Last week, Dr. Jennifer Harman was the guest of Dr. Terri Orbuch, Professor of Sociology at Oakland University and The Love Doctor. Dr Orbuch has been helping improve relationships for 30 years and hosts an audio blog.
The episode featuring Dr. Harman is available as a podcast and we highly encourage all of you to have a listen.
As could be expected, the body of the interview explored parental alienation. First, through the lens of Dr. Harman’s book Parents Acting Badly, then through her ongoing research. The two experts reaffirmed that despite the prevalence of parental alienation, “many people do not know what it is, deny its existence or act as by-standers,” and still too often blame the victim. The two experts encouraged everybody to be vigilant and try not to jump to conclusions when observing a parent or a child express disdain or negative behavior towards the other parent. While the situation may be one of estrangement, it may not be, and the child may merely be a pawn in a parental alienation scheme. And there was little room for doubt that parental alienation is always avoidable. Dr. Harman assured listeners that relationships between children and parents can be structured around legitimate concerns, such as safety, without severing the bond or making the child feel like their parent is “no-good.”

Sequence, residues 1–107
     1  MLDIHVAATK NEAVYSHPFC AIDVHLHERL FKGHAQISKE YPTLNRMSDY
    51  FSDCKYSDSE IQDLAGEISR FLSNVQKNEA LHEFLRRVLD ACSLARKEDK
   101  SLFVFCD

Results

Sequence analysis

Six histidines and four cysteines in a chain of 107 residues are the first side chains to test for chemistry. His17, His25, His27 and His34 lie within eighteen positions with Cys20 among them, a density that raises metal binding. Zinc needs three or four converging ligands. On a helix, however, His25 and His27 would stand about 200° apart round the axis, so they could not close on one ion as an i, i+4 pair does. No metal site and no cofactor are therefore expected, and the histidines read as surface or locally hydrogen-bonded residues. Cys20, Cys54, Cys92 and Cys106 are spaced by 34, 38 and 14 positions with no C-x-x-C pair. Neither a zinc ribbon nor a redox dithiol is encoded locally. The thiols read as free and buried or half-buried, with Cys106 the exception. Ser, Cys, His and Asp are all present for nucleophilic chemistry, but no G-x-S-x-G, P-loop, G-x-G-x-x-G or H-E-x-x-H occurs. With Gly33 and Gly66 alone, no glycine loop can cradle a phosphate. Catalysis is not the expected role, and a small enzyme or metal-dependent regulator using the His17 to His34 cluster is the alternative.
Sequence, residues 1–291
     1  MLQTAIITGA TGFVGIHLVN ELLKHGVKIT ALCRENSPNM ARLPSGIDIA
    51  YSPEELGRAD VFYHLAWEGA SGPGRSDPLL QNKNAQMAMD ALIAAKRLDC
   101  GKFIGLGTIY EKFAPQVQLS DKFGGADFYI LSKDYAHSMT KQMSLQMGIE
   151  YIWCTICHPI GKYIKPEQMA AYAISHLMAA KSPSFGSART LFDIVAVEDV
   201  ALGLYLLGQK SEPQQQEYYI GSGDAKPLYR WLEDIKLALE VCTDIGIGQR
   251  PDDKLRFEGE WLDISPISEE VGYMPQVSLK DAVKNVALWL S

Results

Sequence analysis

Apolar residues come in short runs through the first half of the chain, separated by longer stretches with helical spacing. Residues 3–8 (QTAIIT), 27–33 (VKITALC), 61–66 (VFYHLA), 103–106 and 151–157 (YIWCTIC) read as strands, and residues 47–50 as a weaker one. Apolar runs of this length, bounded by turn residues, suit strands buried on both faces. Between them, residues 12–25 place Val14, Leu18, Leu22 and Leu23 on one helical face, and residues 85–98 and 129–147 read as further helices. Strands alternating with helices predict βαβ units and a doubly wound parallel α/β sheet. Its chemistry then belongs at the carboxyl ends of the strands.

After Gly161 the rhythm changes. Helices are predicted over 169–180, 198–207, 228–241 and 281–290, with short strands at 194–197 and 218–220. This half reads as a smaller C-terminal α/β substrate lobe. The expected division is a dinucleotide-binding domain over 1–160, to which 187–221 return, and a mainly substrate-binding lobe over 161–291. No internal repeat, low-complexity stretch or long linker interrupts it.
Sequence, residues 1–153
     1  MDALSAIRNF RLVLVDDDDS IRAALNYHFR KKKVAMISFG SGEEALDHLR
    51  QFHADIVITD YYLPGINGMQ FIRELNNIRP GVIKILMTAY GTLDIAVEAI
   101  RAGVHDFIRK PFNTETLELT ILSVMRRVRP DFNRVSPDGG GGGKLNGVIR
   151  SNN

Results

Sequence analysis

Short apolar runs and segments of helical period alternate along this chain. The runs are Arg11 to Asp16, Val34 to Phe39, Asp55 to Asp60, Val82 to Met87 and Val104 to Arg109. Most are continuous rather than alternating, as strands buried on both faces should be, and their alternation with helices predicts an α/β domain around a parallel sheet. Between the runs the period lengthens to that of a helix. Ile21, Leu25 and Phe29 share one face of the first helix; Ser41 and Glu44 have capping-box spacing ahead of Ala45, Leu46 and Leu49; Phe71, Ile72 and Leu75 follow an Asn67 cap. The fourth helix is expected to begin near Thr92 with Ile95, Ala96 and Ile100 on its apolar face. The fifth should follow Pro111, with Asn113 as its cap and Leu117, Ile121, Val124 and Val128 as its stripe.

It was the opening and closing of the interview that particularly stood out to us because the two women spoke personally, intimately and genuinely about Dr. Harman as a change agent, a mother and as a patient, methodical intellectual. We heard how Dr. Harman’s work evolved into its current focus on parental alienation, heard the actual magnitude of change she envisions, as well as discovered who she would invite to dinner to discuss how she would achieve it.
Overall, the podcast felt inspirational and The Love Doctor specifically called on alienated parents to know that they are not alone, to not give up the fight, and to not get angry with their children, who are but a tool in the other parent’s aggression. And of course, Simply Parent got a plug as a place of respite, a source of support and a vehicle for change. Listen to the podcast here.